Ethics and Information Technology 23 (4):611-623 (2021)

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Abstract
Over the years, companies have adopted hiring algorithms because they promise wider job candidate pools, lower recruitment costs and less human bias. Despite these promises, they also bring perils. Using them can inflict unintentional harms on individual human rights. These include the five human rights to work, equality and nondiscrimination, privacy, free expression and free association. Despite the human rights harms of hiring algorithms, the AI ethics literature has predominantly focused on abstract ethical principles. This is problematic for two reasons. First, AI principles have been criticized for being vague and not actionable. Second, the use of vague ethical principles to discuss algorithmic risks does not provide any accountability. This lack of accountability creates an algorithmic accountability gap. Closing this gap is crucial because, without accountability, the use of hiring algorithms can lead to discrimination and unequal access to employment opportunities. This paper makes two contributions to the AI ethics literature. First, it frames the ethical risks of hiring algorithms using international human rights law as a universal standard for determining algorithmic accountability. Second, it evaluates four types of algorithmic impact assessments in terms of how effectively they address the five human rights of job applicants implicated in hiring algorithms. It determines which of the assessments can help companies audit their hiring algorithms and close the algorithmic accountability gap.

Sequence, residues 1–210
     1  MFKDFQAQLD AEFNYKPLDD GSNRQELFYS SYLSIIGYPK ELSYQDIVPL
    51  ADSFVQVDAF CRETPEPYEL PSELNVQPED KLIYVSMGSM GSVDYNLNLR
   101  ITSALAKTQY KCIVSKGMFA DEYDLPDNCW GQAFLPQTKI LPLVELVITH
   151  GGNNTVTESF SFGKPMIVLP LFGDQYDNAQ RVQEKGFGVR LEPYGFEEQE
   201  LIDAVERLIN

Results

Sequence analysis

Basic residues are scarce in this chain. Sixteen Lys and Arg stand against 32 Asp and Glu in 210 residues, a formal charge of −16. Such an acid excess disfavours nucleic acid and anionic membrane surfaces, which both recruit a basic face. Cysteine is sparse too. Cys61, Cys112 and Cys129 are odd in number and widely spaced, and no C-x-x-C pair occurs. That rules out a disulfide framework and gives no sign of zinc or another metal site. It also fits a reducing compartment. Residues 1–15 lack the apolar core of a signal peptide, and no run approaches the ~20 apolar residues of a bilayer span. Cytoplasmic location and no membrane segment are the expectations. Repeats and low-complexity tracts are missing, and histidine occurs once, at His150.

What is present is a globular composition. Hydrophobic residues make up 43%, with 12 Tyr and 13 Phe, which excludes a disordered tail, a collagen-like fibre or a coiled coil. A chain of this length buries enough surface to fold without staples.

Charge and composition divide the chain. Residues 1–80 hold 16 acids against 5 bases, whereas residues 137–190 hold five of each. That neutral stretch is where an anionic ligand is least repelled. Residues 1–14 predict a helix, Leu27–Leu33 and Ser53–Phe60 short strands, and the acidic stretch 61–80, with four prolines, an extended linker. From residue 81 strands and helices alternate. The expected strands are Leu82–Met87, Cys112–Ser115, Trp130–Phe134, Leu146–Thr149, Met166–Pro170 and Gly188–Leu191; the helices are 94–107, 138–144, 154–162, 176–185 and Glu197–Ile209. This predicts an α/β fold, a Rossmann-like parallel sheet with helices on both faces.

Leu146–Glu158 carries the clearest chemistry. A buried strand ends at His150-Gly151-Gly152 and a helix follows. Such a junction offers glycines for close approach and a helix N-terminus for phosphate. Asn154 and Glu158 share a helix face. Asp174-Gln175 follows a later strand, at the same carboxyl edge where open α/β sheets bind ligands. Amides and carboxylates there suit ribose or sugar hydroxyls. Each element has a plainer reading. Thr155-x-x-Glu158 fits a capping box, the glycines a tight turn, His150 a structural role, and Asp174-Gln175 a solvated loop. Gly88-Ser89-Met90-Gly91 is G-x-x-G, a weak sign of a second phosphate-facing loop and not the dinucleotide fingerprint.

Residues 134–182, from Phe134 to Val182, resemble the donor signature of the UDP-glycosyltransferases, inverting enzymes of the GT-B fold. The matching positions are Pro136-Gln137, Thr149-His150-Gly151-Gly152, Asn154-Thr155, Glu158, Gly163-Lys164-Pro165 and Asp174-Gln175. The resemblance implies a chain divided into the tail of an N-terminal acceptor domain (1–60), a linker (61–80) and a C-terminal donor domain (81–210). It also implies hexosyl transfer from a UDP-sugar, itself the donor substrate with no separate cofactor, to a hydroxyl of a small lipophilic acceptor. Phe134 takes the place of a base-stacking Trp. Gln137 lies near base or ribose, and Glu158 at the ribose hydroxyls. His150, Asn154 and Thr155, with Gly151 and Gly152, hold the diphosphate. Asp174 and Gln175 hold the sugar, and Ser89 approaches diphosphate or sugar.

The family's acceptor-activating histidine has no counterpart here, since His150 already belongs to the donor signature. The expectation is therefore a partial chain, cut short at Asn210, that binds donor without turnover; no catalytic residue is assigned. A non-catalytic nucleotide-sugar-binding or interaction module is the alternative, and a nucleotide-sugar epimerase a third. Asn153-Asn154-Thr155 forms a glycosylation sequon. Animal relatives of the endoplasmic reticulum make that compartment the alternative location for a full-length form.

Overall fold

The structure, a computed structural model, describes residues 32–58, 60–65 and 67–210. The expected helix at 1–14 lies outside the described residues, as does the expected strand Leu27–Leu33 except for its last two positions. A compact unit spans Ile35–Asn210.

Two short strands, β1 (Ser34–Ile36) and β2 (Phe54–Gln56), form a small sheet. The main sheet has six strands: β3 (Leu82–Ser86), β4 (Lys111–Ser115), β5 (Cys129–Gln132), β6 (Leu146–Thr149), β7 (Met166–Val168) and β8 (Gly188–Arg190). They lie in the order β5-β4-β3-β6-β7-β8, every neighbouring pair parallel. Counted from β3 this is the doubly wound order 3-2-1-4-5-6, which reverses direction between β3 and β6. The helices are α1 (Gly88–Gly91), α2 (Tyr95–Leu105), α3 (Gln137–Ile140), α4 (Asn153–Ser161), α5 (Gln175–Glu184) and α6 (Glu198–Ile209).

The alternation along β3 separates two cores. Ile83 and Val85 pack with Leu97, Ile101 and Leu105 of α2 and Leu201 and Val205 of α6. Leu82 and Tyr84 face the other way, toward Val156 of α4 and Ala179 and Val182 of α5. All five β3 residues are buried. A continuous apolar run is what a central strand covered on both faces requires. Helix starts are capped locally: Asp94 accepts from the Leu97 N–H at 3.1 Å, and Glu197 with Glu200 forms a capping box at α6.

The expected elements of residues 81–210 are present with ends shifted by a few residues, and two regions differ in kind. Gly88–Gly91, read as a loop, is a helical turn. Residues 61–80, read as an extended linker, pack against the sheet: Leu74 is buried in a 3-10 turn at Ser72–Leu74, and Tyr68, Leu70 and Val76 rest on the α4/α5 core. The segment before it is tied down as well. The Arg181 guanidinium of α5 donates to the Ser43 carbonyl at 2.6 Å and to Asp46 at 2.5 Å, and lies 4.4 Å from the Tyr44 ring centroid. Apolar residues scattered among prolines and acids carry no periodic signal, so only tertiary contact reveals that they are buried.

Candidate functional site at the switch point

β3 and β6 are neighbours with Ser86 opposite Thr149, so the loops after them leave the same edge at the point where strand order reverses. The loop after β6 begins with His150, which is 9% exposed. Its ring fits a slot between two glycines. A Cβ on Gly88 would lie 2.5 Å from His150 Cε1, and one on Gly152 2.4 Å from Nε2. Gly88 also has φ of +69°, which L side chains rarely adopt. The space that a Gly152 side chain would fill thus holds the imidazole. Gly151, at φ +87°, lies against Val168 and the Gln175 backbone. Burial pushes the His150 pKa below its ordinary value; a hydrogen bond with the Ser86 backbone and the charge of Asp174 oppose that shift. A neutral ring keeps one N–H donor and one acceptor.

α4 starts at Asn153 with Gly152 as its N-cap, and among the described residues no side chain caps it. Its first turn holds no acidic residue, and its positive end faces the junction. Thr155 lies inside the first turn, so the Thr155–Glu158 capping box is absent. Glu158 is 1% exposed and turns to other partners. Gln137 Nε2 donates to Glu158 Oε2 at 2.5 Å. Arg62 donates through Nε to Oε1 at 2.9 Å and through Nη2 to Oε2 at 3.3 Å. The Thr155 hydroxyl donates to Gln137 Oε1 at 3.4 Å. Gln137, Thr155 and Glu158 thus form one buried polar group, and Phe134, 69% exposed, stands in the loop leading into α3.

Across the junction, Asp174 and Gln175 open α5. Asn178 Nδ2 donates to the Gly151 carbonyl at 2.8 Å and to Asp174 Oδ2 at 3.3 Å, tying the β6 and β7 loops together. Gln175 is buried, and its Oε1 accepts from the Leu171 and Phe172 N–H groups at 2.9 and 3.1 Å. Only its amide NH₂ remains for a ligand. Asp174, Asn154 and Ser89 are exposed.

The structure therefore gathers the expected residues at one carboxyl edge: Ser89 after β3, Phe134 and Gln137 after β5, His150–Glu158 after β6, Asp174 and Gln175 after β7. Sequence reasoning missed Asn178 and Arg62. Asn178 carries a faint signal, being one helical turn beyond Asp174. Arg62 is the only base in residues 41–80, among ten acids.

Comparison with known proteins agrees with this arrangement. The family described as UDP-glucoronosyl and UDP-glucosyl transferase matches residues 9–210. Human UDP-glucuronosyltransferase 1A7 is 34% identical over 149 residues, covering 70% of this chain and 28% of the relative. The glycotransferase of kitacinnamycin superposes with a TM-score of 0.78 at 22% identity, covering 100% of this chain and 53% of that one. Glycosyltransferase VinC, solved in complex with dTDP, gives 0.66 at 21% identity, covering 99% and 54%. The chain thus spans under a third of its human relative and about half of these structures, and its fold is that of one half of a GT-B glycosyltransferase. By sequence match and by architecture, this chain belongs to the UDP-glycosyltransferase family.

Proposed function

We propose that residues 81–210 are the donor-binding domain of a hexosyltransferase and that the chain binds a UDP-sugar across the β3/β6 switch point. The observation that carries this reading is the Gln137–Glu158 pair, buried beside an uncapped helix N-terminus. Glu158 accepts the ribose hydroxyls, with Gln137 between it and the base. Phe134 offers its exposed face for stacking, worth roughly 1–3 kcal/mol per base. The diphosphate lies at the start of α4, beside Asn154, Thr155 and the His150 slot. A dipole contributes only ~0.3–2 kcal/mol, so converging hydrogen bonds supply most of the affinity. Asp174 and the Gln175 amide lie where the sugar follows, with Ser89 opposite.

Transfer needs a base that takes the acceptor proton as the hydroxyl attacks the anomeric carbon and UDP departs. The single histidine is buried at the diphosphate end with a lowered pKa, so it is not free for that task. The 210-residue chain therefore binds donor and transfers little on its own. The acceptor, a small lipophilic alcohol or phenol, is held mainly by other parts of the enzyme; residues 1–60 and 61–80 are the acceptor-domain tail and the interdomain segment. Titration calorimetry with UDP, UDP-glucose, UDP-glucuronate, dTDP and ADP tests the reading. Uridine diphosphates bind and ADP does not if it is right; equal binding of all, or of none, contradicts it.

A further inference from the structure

Keywords Artificial Intelligence  Machine Learning  Human Resources  Human Rights  Impact Assessments  Hiring Algorithms
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DOI 10.1007/s10676-021-09599-7
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References found in this work BETA

Equality of Opportunity.Richard Arneson - 2008 - Stanford Encyclopedia of Philosophy.
Universal Declaration of Human Rights.United Nations - 2009 - Journal of Interdisciplinary Studies 21 (1-2):153-160.

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